Staten Island, New York, has a kick-ass local music scene. With plenty of venues to play music on the island, it is no wonder that the local music scene has been able to flourish. When I was a teenager, I would spend plenty of weekends at a show or concert at a local venue, The Full Cup, listening to local bands play, enjoying every second of it. Plenty of my friends played in bands, and watching them play was both a great way to spend a night and support the local arts.
I always wondered during the shows whether or not a career in music was going to be the end-all for those musicians. I would look around, during a show, and see how great an effect the bands had on the audiences. It was always inspiring to see a group of people from your hometown, close to your age, achieving such major goals. Young adults were playing music for peers and making money from it. The whole idea was slightly mind-blowing: they were getting paid to do things that they loved, something unheard of for a seventeen year old. Without having the local music scene – without having the venues and the audience – these musicians would not have been able to see their dream come to fruition.
Besides giving those who otherwise would not have had a chance to play outside of a garage or practice space an actual venue in which to perform, the local music scene also opened up a network for them. Musicians who played at the same venues would be able to communicate with other bands, managers, and events coordinators. Playing one show could then turn into playing a multitude of shows through collaborations with other artists and coordinators. EPs would be traded, and bands helped promote other bands. Comradery was high within the local music scene.
Although having a local music scene offers many great things for young bands, it is still important for them to venture out of their hometowns. Staten Island is a prime location to start out in. It is in such close proximity to Manhattan, Brooklyn, and New Jersey, all which provide bigger and better venues. Many Staten Island bands have gone on to compete in battle-of-the-bands-style competitions, playing in venues such as Starland Ballroom (New Jersey) and the Greene Space (Manhattan). There has been a citywide Battle of the Boroughs for the past five years that looks to find the best undiscovered performers in New York City, and many Staten Island bands have competed in it.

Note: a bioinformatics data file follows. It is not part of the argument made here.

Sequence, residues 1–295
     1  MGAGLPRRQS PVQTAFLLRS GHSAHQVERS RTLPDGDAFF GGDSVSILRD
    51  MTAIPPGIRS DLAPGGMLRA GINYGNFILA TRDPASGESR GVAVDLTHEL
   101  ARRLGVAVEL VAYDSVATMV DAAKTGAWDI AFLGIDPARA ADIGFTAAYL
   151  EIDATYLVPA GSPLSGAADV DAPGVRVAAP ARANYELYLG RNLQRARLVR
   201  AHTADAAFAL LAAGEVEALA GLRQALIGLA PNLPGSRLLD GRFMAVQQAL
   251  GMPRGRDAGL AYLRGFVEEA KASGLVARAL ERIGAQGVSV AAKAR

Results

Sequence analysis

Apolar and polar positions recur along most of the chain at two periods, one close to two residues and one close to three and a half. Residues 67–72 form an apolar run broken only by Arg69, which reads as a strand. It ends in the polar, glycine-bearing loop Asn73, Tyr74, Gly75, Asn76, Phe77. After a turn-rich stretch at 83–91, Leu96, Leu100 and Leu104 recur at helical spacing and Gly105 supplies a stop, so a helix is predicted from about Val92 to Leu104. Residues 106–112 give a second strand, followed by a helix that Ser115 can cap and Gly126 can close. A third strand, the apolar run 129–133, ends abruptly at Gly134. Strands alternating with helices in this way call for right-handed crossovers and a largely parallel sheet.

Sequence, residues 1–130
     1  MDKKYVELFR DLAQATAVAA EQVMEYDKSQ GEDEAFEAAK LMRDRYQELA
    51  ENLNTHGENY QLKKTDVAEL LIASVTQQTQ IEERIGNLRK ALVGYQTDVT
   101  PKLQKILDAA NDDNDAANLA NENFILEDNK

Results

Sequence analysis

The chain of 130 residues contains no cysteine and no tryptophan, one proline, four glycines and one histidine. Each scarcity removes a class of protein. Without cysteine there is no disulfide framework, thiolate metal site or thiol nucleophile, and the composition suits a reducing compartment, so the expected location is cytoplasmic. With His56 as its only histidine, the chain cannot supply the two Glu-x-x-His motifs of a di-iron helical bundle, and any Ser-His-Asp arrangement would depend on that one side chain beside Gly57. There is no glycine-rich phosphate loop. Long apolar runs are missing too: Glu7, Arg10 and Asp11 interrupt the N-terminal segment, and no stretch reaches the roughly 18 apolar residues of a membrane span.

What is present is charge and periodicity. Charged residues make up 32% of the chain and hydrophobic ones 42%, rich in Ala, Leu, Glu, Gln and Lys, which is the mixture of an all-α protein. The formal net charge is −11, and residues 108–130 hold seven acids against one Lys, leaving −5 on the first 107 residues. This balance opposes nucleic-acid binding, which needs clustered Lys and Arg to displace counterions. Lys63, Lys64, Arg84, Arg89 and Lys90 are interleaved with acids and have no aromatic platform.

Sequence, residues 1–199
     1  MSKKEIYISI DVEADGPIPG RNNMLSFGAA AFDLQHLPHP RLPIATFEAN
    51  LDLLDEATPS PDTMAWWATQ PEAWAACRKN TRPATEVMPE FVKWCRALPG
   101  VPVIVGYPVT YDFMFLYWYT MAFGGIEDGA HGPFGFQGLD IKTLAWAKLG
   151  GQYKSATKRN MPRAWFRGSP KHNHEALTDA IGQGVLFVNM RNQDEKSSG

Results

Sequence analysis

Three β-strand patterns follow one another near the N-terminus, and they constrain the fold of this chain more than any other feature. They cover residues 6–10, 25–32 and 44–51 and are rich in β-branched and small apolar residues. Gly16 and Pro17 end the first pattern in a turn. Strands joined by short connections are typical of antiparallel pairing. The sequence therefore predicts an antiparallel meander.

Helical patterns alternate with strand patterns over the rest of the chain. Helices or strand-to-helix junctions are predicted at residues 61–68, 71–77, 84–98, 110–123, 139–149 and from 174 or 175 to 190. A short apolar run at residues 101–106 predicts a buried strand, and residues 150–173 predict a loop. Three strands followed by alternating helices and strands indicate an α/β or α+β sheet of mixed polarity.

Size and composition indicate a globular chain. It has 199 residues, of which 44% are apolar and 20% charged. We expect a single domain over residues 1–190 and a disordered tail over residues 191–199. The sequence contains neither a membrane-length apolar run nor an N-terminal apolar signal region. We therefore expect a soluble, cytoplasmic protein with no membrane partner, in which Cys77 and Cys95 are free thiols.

Although many of the bands I used to go see play have either disbanded or evolved into bigger and better things, the local music scene still thrives. New bands have come onto the scene and are reaping the benefits it has to offer. One such band is Cat Myles and the Possessions. In 2013, lead singer Cat Myles, performing under a different title (Cat Cosmai), won the Battle of the Boroughs: Staten Island. In 2014, Myles won Staten Island’s best solo music competition, beating out international pop singer Ingrid Michaelson. It is moments like these when having a local music scene really helps a career. Having a community to support you is priceless.
I was able to catch up Frank Schiazza, the guitarist and keyboardist of Cat Myles and the Possessions, over the past week. I interviewed him about his band and about their place within the local music scene. Cat Myles and the Possessions is a southern rock/urban soul quartet comprised of Myles, Frank Schiazza, Gary Nieves, Jr., and Dave Volano. Formed in 2011, they have since made a name for themselves in the local music scene and beyond into the surrounding areas. Myles, a songstress who had been in other bands before, did not venture out as a solo artist until she met Schiazza. Together, they formed a songwriting partnership that garnered glowing reviews for their first album, The Line. Rock NYC Live & Recorded named The Line as one of the 100 best albums of 2012, with their song, “Waiting for Me,” as one of the 100 best songs of the year. In 2014, they released Dust, a fusion of southern rock and R&B with Myle’s unique urban soul. Signed with Vital Records, they have found themselves within the local music scene. Although at times, having come from Staten Island is more of a challenge than an asset for this group, it has allowed them to compete in citywide competitions and share their music with a wider audience. It has also allowed them to fulfill the southern-rock niche Staten Island is lacking; they are a truly unique sound and can thus market themselves in that way. The full interview with Schiazza can be read below.
CM: Okay, so first question: who are you guys?
FS: We are Cat Myles & the Possessions, with Cat Myles on vocals, Frank Schiazza on guitar and keyboard, Gary Nieves Jr. on bass, and Dave Volano on drums.
CM: What kind of music do you play?